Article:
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Wild Carrot Daucus carota seed head

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Dandelion Taraxacum officinale seed head

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Ribwort Plantain Plantago lanceolata

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Yarrow Achillea millefolium

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Creeping thistle Cirsium arvense seed head

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Tufted Vetch Vicia cracca

Field Scabious Knautia arvensis

Field Scabious Knautia arvensis seed head

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Knapweed Centaurea sp.

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Knapweed Centaurea sp. seed head

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Lady’s Bedstraw Galium verum

The Wildflower Bank outside the school is well due for a full cut according to our Orchard Park Habitats Management Plan written for us by the Wildlife Trust for Bedfordshire, Cambridgeshire and Northamptonshire, Orchard Park Wildlife Project is working with Orchard Park Community Council to try to ensure cutting times are optimal for maintaining maximum plant diversity, which of course improves invertebrate diversity, and then in turn in this location in Orchard Park mammal and bird diversity. This is a very valuable habitat with 97% of the UK’s ancient flower meadows having been destroyed since the 1930s.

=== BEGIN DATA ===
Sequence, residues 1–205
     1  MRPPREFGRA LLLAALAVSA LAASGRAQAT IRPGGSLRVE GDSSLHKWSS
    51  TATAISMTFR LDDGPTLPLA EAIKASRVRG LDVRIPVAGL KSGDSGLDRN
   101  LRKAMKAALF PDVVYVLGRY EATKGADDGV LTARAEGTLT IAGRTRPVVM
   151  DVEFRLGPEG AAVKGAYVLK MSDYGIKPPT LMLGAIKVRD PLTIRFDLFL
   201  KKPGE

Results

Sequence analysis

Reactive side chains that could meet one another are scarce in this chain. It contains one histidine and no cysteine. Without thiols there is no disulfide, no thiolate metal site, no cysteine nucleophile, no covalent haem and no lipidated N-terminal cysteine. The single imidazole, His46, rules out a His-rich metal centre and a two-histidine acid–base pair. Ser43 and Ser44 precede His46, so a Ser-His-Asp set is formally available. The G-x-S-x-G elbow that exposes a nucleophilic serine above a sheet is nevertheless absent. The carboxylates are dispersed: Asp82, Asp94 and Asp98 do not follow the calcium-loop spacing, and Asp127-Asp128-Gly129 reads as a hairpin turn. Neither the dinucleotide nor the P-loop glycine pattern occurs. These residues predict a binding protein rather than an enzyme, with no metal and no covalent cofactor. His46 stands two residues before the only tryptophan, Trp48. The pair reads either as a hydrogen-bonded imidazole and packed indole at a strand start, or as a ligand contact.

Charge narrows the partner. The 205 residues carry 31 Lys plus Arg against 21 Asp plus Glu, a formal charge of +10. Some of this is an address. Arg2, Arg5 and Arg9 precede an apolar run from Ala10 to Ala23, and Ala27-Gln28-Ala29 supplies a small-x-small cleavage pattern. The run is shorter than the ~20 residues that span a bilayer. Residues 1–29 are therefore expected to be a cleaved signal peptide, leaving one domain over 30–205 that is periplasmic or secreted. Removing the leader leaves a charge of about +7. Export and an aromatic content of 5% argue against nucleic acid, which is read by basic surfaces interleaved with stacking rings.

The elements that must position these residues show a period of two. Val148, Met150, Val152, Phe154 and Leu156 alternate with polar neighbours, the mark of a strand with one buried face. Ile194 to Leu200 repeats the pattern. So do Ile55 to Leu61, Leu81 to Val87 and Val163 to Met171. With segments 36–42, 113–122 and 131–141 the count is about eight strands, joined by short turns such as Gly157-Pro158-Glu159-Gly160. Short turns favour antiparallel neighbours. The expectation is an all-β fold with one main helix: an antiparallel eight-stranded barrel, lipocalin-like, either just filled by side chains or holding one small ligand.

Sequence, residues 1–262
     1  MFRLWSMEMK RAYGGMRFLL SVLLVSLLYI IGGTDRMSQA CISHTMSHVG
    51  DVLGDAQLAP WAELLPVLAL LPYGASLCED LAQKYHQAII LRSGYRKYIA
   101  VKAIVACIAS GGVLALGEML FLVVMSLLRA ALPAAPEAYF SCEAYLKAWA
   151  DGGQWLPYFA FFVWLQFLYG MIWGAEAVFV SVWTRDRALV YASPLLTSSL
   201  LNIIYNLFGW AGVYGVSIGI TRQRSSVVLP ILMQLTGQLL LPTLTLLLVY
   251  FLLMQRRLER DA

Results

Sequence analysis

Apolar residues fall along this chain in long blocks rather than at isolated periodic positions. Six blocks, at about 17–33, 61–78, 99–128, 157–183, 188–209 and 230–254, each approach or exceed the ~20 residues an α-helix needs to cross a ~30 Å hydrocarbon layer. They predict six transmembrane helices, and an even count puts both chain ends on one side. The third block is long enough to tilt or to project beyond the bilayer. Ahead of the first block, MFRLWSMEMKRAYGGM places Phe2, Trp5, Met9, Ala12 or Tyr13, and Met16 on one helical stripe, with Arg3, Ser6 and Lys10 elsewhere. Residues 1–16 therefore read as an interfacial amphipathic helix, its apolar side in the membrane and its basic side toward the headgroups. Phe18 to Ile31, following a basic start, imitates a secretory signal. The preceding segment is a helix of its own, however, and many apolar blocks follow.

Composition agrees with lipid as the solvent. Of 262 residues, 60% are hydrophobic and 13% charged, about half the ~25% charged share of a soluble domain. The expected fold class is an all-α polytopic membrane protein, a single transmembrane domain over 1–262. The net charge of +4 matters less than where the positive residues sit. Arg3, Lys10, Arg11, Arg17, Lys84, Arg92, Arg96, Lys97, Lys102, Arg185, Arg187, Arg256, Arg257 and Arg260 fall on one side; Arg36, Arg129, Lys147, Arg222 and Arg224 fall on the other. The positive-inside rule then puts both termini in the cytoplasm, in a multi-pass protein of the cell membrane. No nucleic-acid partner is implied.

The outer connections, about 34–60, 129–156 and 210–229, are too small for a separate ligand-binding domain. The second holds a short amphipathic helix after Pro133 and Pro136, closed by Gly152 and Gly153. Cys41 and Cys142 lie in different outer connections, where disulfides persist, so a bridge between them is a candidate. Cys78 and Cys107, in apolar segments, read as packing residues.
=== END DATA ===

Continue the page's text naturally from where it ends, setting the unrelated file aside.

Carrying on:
Prior to cutting, I wanted to grab a few photos of a few flowers and seed heads. If you take a moment to look, they’re beautiful, colourful, intricate, and fascinating structures. In a very small patch there’s a lot of diversity to be seen over there. Go and have a look 🙂

Plants and Animals of the Wildflower Bank this page has information and photos of everything we’ve identified over there so far.

And PLEASE DON’T USE OUR WILDFLOWER BANK AS A RUBBISH DUMP AND DOG TOILET! Let’s work together to make Orchard Park better for people and wildlife 🙂

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Wild Carrot Daucus carota flowers and seed heads

 

 

 

 

 

 

Ending the War on Wildlife. A People’s Manifesto For Wildlife, Draft One, Chris Packham et al.

Let’s end the war on wildlife.

‘Between 1970 and 2013, 56% of UK species declined. Of the nearly 8,000 species assessed using modern criteria, 15% are threatened with extinction. This suggests that we are among the most nature-depleted countries in the world.

Of the 218 countries assessed for ‘biodiversity intactness’, the UK is ranked 189, a consequence of centuries of industrialisation, urbanisation and overexploitation of our natural resources.’

– ​State of Nature Report, 2016

Our wildlife needs us – and it needs you more than ever.